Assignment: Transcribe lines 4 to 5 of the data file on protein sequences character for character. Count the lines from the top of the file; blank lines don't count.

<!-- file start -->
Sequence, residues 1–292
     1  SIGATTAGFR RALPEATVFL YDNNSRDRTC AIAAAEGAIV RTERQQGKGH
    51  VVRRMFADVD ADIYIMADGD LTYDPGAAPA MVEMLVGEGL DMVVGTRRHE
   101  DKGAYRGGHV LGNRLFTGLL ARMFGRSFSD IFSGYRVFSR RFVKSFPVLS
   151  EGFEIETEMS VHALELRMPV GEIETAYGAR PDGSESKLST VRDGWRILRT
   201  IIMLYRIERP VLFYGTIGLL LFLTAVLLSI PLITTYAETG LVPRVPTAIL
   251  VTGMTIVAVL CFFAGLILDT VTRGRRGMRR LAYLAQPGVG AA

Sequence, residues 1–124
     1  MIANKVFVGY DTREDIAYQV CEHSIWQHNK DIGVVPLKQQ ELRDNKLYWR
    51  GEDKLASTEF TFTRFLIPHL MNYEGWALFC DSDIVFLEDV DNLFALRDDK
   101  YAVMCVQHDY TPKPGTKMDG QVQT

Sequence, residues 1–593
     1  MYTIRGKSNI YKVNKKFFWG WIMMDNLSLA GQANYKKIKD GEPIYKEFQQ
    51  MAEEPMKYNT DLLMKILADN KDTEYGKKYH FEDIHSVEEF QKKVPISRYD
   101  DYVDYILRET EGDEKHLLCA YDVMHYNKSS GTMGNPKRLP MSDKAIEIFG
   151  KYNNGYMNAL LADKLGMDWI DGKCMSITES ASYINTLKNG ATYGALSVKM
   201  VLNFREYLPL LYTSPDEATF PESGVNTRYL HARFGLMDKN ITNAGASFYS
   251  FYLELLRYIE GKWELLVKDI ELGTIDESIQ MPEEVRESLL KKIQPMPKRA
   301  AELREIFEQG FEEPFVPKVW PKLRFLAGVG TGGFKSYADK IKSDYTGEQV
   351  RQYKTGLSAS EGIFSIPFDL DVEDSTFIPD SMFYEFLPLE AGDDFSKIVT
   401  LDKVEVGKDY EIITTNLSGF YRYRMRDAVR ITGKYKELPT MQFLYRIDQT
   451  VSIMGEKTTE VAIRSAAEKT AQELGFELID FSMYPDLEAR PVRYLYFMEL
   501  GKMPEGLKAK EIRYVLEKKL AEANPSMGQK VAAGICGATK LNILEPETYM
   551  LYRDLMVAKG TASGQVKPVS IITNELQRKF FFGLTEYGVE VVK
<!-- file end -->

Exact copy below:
   101  DKGAYRGGHV LGNRLFTGLL ARMFGRSFSD IFSGYRVFSR RFVKSFPVLS
   151  EGFEIETEMS VHALELRMPV GEIETAYGAR PDGSESKLST VRDGWRILRT